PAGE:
How best to get out of a mortgage on my vacation condo without incurring a deficiency judgement?

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How best to get out of a mortgage on my vacation condo without incurring a deficiency judgement?

I have a vacation condo on the Big Island that is well underwater with little chance of a sale or short sale. The condo costs about 15/20K a year as I rent it out but the rental market is bad also. I want to give the condo back to the bank but their only option is a short sale, but that won’t work because I have other assets and won’t qualify. While I can afford the payments now, it is depleting my retirement assets with no end in sight. I am afraid of a deficiency judgment in foreclosure and want to avoid it.

Asked on June 5, 2011 under Real Estate Law, California

Answers:

Mitchell Sussman / Mitchell Reed Sussman & Associates

Answered 9 years ago | Contributor

Hawaii does not have the same laws as California. In Hawaii the lender can seek a deficiency.

You should try and work with the lender on a short sale and make sure that an attorney reviews the documents so that it provides by contract that you will not be responsible for the deficiency.

SJZ, Member, New York Bar / FreeAdvice Contributing Attorney

Answered 10 years ago | Contributor

It appears that California (the state your question is posted from) protects people from deficiency judgments for purchase-money judgments on their residences; it's not clear that this would apply to you in the case of your "vacation condo," but it's worth looking into. You should consult with a local real estate attorney to see if you do, based on the specifics of your case, have any protection from a deficiency judgment. (Note that Hawaii, which is what your comment about the Big Island suggests, does not have any such protection and allows deficiency judgments, so if sued in a Hawaiin court, you'd not have the benefit of CA law.)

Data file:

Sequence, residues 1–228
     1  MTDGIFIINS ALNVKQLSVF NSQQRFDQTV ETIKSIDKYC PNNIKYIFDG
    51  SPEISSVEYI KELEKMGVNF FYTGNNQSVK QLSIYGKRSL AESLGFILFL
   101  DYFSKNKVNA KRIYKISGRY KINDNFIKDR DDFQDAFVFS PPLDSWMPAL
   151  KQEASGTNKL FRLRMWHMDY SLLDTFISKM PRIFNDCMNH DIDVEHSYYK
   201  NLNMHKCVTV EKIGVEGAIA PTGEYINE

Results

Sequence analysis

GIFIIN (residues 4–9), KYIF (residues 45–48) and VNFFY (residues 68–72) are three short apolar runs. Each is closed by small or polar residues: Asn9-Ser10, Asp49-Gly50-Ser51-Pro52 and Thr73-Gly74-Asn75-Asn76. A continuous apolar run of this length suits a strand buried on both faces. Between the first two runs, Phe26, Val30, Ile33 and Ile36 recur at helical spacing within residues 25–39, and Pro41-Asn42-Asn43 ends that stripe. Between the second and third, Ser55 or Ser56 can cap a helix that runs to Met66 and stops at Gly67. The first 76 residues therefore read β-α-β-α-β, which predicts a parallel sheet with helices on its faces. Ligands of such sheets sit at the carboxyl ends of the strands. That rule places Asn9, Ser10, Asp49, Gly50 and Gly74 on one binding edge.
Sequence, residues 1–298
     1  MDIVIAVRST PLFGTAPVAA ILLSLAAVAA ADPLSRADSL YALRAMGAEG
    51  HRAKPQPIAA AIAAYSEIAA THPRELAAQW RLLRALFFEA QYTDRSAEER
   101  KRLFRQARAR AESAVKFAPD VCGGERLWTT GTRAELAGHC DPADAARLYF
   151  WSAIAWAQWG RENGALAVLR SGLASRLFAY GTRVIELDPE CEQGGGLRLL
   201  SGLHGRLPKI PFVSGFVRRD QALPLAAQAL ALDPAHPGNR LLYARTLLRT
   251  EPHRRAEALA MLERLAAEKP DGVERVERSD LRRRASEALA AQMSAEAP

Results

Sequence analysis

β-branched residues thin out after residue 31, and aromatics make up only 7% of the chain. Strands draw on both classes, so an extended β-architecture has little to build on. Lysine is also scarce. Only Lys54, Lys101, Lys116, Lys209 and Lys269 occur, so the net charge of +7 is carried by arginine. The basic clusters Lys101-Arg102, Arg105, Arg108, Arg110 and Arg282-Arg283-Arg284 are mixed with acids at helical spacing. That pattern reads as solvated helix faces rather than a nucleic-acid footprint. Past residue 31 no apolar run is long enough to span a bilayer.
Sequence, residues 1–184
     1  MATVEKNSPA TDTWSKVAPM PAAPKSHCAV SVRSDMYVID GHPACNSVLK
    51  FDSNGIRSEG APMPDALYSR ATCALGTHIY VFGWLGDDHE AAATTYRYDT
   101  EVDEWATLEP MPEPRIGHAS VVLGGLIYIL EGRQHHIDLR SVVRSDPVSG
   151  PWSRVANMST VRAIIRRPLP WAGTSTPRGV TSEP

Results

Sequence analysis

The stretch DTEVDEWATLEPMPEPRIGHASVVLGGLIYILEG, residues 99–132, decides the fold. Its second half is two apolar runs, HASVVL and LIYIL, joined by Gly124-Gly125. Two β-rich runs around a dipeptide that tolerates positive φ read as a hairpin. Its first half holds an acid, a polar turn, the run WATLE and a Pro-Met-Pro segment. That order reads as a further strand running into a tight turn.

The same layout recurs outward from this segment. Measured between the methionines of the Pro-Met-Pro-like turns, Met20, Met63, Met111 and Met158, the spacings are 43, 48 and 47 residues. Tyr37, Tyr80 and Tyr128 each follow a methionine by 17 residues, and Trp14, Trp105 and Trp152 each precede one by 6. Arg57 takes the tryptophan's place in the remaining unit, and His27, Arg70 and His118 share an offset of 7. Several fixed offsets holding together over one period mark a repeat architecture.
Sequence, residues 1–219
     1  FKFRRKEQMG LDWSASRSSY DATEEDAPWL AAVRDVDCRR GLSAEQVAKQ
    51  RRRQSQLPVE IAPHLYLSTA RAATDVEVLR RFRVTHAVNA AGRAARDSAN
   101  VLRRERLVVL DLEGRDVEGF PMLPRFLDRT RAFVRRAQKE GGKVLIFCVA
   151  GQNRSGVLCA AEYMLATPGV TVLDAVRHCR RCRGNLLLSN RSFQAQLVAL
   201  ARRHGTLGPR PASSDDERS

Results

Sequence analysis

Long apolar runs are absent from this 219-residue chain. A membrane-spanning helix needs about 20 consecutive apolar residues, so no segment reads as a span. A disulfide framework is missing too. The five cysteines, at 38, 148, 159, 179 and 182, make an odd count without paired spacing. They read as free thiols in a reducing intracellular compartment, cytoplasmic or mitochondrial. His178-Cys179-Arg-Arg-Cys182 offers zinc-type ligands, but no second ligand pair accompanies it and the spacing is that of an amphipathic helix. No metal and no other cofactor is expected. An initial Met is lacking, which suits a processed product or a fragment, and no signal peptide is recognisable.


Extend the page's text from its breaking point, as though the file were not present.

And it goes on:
If you do not have any protection, such as discussed above, then there is no other way to protect yourself--IF you walk away from or default on a mortgage, then if there is a remaining balance after the property is sold after foreclosure, the lender may go after you for it. As a practical matter, they often do not, especially if the amount is relatively small (a few thousand dollars underwater; maybe even $15k to $20k or so)--but they have the right to do so if they want. There is no way to prevent them from doing so, though you could then file for bankruptcy.


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